If there was a problem with the CI, it’d be more likely that it would be of a longer duration (like after my 1st surgery). Because the eardrum looks fine, there’s no change in listening, and the CI is still working, it’s hard to say if the CI has anything to do with it.

It could be stress. It could be eating on an irregular basis. It could be lack of sleep. It could be for totally random reasons.

He did say that I may I need to get on a regular sleeping pattern for the week AND the weekend. That should help with my balance system to keep it in check. How many times have I heard that?

One thing that felt so weird during the exam was when he was pressing on the internal part. I could feel my eardrum moving back and forth. He said it was because he was increasing the pressure in the inner ear when he was pushing down on the implant.

 

Hockey and Fall Leaves Saturday, October 21, 2006

Mandy gave me more Halloween goodness for therapy. Some of the Halloween words are tricky to understand. This time I got to do a word search, and I had to listen and find the keyword in the sentence. Mandy was teasing me with the word “hoot hoot” because she picked a few extra words to repeat at the end of the puzzle. It better not take the place of “mango”, which I haven’t heard for awhile, thank goodness.

I’ve gotten positive responses on my statement that was read on NPR. My mom forwarded the email to her coworkers, and I’ve heard back from them (the entire group is awesome, and have been supportive of my mom/me throughout this journey). I’ve also heard back from the faculty/staff here at school. One teacher emailed me if they could use my statement for a class project that they are doing on the topic about the situation at Gallaudet.

Our school’s first home Hockey game was at 7 pm, and it was practically sold out. Here at this school, the hockey team is the equivalent of any big-name football university. My friends and I sat with the Corner Crew (slogan: we’re loud and obnoxious at hockey games).

On the other side of the aisle was the band, so it was fun getting to listen to the band play the instruments, instead of a sound file on the computer. I really enjoyed listening to them play. The one sound that drove me crazy after awhile was the cowbell that somebody in the CC had. Listening to them bang on it repeatedly throughout the game, to set the beat for the game/crowd, was annoying after awhile.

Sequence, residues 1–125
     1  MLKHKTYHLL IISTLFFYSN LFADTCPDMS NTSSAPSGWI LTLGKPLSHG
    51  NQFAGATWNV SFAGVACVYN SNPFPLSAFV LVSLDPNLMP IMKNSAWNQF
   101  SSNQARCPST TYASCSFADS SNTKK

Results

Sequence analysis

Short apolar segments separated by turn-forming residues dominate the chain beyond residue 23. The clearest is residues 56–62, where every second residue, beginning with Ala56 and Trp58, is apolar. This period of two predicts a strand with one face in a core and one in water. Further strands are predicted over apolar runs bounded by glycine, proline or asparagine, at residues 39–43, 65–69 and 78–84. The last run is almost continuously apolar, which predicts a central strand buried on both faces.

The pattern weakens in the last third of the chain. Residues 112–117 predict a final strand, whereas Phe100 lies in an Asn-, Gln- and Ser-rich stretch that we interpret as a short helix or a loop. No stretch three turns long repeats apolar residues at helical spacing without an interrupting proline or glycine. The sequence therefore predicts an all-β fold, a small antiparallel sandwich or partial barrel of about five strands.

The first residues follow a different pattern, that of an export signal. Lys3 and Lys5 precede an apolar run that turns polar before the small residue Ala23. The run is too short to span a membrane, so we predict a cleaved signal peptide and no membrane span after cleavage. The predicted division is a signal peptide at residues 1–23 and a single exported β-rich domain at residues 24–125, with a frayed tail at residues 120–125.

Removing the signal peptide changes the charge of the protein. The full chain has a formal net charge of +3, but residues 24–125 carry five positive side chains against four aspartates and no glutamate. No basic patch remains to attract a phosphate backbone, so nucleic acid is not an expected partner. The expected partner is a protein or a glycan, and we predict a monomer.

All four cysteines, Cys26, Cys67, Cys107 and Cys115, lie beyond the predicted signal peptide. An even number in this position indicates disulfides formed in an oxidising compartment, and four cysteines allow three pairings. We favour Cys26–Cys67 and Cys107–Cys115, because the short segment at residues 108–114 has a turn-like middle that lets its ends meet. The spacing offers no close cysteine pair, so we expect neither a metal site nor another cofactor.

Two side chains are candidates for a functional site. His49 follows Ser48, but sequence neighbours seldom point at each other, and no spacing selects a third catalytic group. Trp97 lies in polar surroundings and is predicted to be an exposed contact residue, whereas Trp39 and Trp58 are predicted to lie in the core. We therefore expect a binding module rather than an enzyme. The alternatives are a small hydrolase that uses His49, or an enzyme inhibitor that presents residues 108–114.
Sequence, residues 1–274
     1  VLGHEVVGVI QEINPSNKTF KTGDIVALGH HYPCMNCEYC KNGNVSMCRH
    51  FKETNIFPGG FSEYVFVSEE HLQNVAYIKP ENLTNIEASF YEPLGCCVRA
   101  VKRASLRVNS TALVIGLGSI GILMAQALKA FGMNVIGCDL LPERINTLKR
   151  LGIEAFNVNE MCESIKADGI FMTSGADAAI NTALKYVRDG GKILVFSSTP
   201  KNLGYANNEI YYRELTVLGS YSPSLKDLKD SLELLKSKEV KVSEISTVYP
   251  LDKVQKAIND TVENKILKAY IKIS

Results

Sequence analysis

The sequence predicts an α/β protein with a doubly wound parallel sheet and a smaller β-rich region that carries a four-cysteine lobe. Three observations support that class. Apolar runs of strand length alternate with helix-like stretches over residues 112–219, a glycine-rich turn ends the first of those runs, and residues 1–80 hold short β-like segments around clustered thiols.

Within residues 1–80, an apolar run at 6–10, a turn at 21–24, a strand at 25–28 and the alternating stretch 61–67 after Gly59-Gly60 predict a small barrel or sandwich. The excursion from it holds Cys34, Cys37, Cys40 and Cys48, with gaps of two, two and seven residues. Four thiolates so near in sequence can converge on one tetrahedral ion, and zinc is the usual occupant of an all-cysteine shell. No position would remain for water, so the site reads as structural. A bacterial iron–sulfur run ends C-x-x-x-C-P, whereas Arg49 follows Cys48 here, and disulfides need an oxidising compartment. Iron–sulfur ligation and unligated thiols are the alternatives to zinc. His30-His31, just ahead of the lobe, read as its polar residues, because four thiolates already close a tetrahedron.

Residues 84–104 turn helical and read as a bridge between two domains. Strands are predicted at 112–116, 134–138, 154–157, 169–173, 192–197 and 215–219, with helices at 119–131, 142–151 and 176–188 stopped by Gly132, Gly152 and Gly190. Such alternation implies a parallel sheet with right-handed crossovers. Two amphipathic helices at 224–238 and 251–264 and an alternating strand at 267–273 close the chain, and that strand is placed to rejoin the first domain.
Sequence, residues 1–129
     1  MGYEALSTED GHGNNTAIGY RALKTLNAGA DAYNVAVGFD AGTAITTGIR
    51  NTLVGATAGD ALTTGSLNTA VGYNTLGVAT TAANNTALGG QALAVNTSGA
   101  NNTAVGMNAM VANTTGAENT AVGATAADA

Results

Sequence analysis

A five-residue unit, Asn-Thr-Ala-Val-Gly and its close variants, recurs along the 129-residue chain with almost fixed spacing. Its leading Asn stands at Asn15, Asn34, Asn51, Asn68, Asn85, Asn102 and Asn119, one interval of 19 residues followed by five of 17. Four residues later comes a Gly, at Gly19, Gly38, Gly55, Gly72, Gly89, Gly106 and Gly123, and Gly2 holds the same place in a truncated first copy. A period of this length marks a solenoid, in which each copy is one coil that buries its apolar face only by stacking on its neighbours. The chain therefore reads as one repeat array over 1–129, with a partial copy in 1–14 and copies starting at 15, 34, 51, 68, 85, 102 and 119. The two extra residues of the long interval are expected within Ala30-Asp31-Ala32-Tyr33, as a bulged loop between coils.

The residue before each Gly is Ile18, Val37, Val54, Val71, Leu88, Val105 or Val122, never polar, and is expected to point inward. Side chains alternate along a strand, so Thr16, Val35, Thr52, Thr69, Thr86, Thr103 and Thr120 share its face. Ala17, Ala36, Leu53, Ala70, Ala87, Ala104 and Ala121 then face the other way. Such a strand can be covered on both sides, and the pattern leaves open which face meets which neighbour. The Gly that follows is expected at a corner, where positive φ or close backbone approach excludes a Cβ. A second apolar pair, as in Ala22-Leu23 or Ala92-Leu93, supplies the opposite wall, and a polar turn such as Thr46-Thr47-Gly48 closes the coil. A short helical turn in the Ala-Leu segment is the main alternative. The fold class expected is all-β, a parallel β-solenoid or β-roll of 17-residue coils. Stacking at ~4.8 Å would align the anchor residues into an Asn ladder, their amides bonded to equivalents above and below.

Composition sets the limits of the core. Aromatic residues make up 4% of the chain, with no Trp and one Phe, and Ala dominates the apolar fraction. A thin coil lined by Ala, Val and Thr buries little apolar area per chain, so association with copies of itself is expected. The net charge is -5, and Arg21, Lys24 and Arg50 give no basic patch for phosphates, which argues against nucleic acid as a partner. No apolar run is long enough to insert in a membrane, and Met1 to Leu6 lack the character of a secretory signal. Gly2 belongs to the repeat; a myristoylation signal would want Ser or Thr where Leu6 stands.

Then there was some kind of noisemaker horn, three rows behind me, that tooted out the number of goals we had scored, and a long toot for the next one to score. We won 8-3, so I heard it quite a bit last night.

This year, with the CI, it was easier to follow along with the CC-patented chants. Some of the simpler ones, I was able to understand just by listening, and able to jump in immediately. A lot of the cheers I don’t know, because I wasn’t able to understand them last year.

Jen A., some girl behind me, and I nearly got decapitated by an errant hockey puck that was hit by the other team. My back was to the game, as I was talking to people, but I ducked just in time. It was too close of a call, eek. I’m not sure if I heard the commotion of the crowd, or if it was some developed sixth-sense of mine warning me of danger (due to deafness, you tend to develop an environmental awareness, even if you’re not consciously paying attention to your surroundings). Anyway, there were a few high-flying hockey pucks last night, so I should have known better.

After the game was over, I went back to the dorms with Jen A., and hung out on floor for awhile. Realized that even at night, with the doors closed, and not a lot of people around, the floor is still not quiet. I headed home around midnight. Midnight is a wonderful time to go for a walk, as it’s relatively quiet on campus.